Mahtab, Victim of Forced Marriage

girl and fire

As a young girl, Mahtab’s biggest fear was that her father would force her to marry a man she did not like, as he had done to her sister. Her sister was very unhappy in her marriage. And when Mahtab was eighteen years old her fear was realized.

Her father forced her to marry his friend’s son. He was an illiterate youth and Mahtab didn’t like him at all. She sobbed and begged her father to allow her to continue her education, but he paid no attention and three months later she was married according to the customs and traditions of Afghan society.

Two months after the wedding, the couple started fighting. There was no affection between them and Mahtab was forced to live with an illiterate man who did not understand or care about her feelings. Many times she went to her father and told him that she could not live with this man. But her father blamed her and returned her to her husband.

Mahtab could not bear her life with this husband so she set herself on fire with fuel. She didn’t know that a harder fate than death awaited her. She was saved but a large percentage of her body burned. Her husband then divorced her and married another girl.

She had some plastic surgery, but she never gained back her previous health. She is alive and must now listen to people’s harsh and ugly words. Worst of all, she never achieved her dreams. She was not able to even finish high school, although her dream had been to become a doctor.

Forced marriage is one of Afghanistan’s biggest social problems. Families fail to consider the daughter’s wishes for her own future. This can lead to dangerous consequences for the women forced into these situations, including arguments, divorce, physical abuse, running away from home, self-destruction, and, most horrific of all, self-immolation.

Mahtab’s story is just one of hundreds of similar stories in Afghanistan.

By Zahra M.

Photo: Mohammad Ismail / Reuters


Comments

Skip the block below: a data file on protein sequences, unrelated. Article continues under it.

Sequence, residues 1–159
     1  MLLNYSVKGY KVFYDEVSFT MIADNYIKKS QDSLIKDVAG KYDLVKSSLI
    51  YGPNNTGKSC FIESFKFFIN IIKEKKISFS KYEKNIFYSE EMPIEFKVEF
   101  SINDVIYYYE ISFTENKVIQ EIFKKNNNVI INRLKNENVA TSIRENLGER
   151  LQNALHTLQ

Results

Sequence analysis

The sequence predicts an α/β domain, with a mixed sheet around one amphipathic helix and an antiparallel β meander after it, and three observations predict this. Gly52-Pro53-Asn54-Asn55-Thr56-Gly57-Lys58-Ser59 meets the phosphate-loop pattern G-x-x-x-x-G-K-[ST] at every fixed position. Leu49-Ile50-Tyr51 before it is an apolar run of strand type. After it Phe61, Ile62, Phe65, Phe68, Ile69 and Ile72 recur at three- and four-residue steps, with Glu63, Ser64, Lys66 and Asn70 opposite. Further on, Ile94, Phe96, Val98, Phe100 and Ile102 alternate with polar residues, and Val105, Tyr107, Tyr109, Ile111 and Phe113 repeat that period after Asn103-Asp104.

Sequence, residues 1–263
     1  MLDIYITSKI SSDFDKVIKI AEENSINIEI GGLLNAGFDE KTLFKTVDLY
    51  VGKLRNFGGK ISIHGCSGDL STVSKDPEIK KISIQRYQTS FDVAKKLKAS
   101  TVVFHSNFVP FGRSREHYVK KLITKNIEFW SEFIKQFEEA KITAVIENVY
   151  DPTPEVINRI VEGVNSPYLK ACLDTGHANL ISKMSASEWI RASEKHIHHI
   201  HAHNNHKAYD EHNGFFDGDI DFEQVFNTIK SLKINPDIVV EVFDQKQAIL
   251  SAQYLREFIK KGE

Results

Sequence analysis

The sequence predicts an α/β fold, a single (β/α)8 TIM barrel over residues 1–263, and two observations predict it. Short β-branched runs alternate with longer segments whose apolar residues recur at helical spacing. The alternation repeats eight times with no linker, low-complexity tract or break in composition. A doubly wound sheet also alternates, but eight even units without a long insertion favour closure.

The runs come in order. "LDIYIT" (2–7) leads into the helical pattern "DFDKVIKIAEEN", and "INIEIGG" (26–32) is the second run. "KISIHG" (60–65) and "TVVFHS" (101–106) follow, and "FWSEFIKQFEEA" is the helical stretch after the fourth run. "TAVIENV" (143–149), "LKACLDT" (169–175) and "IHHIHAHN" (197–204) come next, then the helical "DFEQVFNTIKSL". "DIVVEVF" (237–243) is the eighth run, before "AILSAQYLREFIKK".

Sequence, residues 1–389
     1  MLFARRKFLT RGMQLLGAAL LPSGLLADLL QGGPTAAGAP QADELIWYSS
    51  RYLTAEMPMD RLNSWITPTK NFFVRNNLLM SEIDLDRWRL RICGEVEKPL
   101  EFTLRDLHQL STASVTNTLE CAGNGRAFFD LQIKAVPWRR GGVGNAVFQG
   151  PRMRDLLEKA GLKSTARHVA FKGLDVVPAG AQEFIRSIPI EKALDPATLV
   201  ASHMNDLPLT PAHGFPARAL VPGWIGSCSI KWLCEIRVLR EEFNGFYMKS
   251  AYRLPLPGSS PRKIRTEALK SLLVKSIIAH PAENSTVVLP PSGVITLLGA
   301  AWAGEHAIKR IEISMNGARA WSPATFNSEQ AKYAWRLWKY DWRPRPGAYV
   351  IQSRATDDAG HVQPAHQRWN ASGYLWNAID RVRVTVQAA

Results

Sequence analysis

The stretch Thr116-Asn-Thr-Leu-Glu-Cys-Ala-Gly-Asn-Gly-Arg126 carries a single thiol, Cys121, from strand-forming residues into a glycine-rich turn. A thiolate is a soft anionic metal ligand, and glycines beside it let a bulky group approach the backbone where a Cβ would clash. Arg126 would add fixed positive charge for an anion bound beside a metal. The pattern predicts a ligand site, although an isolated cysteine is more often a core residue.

1. liz titus says:

    Dearest Zahra,

    It was my honor to work with you on this very important essay!

    You relate a tragic story of just one girl, in a place where there are many more.
    Thank you,
    Liz

  2. This is a heartrending story. It is outrageous that this can happen, and yet it does. Only writing such as yours can help bring awareness and change.

  3. Thank you for sharing this story. As long as there are women and men who share your views, things will change.

  4. Dear Zahra,
    How sad this story is! I am thinking about the pain this girl had in her heart to choose death instead life. Well, probably she feels dead even alive because she had all her dreams collapsed by an oppressive society. I hope she can still be happy and that Afghan women can be free from this kind of situation.
    Best wishes,
    Renata- from Brazil.

  5. Dear Zahra,
    I like your stories and although I live so far away I feel somehow represented by them (esp. the one about feminism), although I never had to face the problems that Afghan women face.
    Can you tell me whether forced marriage only concerns women? Do Afghan families pay more attention to their son’s wishes? In many societies with forced marriages this is also a problem for boys as far as I know. How about Afghanistan?

  6. This story is very touching due to the scary thought for me of forced marriage. I understand hat it can be a common thing in a lot of places but, it is tragic. Thank you for sharing.

  7. To be honest, I’d sob and kill myself if I had to go through this. This is horrible. I feel a lot of people take their lives for granted and don’t consider what others go through. Maybe one day they’ll be a complete change. I just hope all this torment ends :(

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